Your boss shouldn't be surprised to learn that you want more money.
Thompson, senior vice president of people and talent at The Muse, advises workers to make sure their manager knows what their professional goals are, and to keep those conversations ongoing.
She previously told Business Insider, "When they're in that conversation with the CFO and they have an opportunity to ask for more money for you, they'll take it because they know that it's important for you."
Yet Thompson said only about half of people take the initiative to have these conversations with their boss.
Before you petition your boss for a raise, make sure you've done your homework.
Taylor, national workplace expert and author of "Tame Your Terrible Office Tyrant," previously told Business Insider's Áine Cain that you'll want to find out what someone in your role and with your skills typically earns.
Asking for 10 to 20% more than you're currently making is a good general guideline, Taylor said, as long as it corresponds with market salary ranges.
For example, Taylor said, "If you get an offer for 20% over your current salary, you can still negotiate for more — ask for an additional 5% — but know that you're already in good stead."
Corcoran is a real-estate mogul and an investor on "Shark Tank."
She previously told Business Insider's Graham Flanagan:
"The smartest thing to do is to walk in with a list of your responsibilities when you started at the company, and then also the list of things you've taken on since you started. And simply make the boss aware that you have a lot more responsibility.
"You're delighted to take it on, give me more, but [you'd] like to be compensated and to name a number you'd like."
Ellevest's CEO had similar advice: Come prepared with proof that you deserve a pay bump.
At the S.H.E. Summit in New York City in 2016, Krawcheck said, "Be as quantitative as you can be," adding, "Put numbers on paper."
Krawcheck recommended keeping a running list that quantifies all your accomplishments, like how many clients you bring in or the size of your budget.
Find out what your work is worth to your company and your industry, said Bradford.
Bradford is the chief marketing officer at personal-finance company SoFi. On a 2017 episode of the "So Money" podcast, Bradford suggested evaluating your job like a report card.
She said, "There are several dimensions to that report card; it's how much you're paid in your job and how you're doing against the curve. Who wouldn't want to be paid on a curve, especially if you're at the top of it?"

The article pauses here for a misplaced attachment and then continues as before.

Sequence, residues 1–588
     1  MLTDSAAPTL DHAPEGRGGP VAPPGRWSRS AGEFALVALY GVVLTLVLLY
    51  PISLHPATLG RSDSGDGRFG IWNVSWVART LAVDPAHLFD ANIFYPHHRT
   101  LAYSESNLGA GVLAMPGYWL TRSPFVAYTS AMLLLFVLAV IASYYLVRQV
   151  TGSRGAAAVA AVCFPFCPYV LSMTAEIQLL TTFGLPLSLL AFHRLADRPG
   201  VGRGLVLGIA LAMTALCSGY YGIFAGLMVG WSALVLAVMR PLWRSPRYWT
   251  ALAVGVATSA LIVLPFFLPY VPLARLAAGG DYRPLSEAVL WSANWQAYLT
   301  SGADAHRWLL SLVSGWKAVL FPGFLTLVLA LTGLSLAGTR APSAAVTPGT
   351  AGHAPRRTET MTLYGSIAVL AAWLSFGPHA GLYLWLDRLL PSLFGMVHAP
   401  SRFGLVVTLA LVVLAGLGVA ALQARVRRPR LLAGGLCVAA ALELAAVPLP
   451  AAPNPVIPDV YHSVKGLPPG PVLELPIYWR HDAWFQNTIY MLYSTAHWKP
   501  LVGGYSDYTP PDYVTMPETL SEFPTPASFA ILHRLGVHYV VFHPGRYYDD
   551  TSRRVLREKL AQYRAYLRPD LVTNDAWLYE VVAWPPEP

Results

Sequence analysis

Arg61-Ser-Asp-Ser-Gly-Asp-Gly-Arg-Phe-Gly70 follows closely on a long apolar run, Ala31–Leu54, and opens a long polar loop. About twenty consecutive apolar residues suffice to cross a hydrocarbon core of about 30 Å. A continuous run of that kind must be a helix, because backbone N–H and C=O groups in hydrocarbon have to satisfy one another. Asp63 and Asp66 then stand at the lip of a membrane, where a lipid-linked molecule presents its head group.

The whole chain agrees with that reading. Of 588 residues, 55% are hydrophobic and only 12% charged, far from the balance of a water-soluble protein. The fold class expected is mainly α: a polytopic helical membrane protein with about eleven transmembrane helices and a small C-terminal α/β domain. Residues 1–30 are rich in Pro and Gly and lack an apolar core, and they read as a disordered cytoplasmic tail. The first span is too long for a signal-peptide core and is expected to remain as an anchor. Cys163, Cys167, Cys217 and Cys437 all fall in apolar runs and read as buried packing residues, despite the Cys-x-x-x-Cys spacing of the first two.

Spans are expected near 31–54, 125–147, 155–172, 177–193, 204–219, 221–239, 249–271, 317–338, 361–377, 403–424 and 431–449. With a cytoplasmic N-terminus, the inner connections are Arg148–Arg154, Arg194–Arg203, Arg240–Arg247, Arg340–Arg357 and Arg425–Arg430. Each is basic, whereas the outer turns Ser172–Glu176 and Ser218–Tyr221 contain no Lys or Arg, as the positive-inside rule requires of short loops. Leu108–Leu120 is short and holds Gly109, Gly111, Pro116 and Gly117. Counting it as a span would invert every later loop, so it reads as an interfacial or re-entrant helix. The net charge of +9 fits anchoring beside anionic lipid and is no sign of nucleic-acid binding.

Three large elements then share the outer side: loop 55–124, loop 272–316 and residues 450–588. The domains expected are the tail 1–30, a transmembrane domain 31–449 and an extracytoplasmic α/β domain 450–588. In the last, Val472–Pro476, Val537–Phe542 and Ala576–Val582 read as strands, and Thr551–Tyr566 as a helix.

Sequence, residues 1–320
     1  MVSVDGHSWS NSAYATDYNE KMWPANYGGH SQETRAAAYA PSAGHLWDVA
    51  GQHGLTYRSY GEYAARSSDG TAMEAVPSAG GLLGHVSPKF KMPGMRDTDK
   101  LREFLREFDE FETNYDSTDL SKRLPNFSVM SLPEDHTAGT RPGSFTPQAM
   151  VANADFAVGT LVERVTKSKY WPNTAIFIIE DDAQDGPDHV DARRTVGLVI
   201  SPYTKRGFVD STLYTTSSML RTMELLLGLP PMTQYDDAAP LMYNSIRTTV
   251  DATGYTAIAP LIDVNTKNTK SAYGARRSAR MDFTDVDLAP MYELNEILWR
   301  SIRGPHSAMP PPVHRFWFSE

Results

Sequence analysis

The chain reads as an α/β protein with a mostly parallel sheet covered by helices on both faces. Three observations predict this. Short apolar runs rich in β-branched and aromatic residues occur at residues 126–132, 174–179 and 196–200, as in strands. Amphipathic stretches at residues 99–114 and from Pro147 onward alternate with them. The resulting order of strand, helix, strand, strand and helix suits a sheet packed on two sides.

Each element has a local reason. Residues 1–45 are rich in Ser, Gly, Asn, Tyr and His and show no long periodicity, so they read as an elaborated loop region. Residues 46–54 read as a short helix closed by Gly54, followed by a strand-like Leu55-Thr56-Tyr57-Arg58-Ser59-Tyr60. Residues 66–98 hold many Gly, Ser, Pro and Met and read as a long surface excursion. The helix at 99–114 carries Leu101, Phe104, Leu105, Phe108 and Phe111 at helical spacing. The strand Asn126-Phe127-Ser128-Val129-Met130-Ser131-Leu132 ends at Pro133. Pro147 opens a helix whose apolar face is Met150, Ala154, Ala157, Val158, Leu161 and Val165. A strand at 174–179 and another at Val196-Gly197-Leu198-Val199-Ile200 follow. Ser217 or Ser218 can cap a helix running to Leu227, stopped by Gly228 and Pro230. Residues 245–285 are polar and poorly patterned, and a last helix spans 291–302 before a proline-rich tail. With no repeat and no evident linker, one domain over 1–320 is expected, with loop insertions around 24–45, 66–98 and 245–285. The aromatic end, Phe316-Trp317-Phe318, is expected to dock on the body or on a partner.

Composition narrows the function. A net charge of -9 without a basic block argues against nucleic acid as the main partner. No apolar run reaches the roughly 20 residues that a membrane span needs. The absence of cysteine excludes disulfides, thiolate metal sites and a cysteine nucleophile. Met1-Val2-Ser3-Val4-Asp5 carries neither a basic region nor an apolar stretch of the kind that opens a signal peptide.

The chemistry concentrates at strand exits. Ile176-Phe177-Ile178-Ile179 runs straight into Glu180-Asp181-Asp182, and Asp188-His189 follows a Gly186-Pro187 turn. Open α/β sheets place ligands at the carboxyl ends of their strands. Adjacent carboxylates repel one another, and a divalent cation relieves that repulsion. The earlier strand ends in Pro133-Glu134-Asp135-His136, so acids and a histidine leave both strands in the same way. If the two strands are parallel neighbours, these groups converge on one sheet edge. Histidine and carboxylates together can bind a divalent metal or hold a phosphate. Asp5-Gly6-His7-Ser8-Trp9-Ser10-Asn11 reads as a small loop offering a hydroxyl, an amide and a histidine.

Bradford added, "I always liked to see what my contribution to the company was and how much value I could add to the company, and then how much money I had, because it's really about your freedom and your choices."
Your manager may believe you deserve a raise — but they still have to convince their manager.
That's why Leffler, vice president and business unit lead at SoFi, says it's important to keep in mind the constraints on your boss.
She previously told Business Insider that the first thing to do when you're planning to ask your boss for a salary bump is to "consider where you're coming from and where they're coming from."
For example, maybe they're trying to manage an already-tight budget for the division, or they're under strict orders only to grant raises for knock-it-out-of-the-park performance.
Dan Shapiro, founder and director of the Harvard International Negotiation Program, suggests a similar strategy: Role-play the salary conversation and pretend to be your boss while a friend pretends to be you.
Once you take on the boss's thoughts and emotions, Shapiro said you can further tailor your strategy (as the employee, in real life) "so that the boss can most effectively hear what you're saying."
In an excerpt from her book, "The Myth of the Nice Girl," published on Business Insider, the media executive and startup investor writes that you can use "no" to push you forward.
"If your boss tells you it's not going to happen, ask why not. Get as much specific feedback as possible so you can figure out what steps you need to take to get to the next level.
"Leave the meeting knowing precisely what you have to accomplish and by when, and then check in regularly with your boss or manager to ensure you're on track."
Sethi is a personal-finance expert and the best-selling author of "I Will Teach You to Be Rich."
In a salary negotiation role-play, former management consultant Justin Wilson asked if it was appropriate to bring up other modes of compensation, including stock options and bonus, when he didn't get the salary he wanted.
Wilson also inquired about an accelerated performance-review process, so they could revisit the topic of salary sooner.
Sethi said this request is so reasonable that if the company doesn't agree to it, it might be a red flag.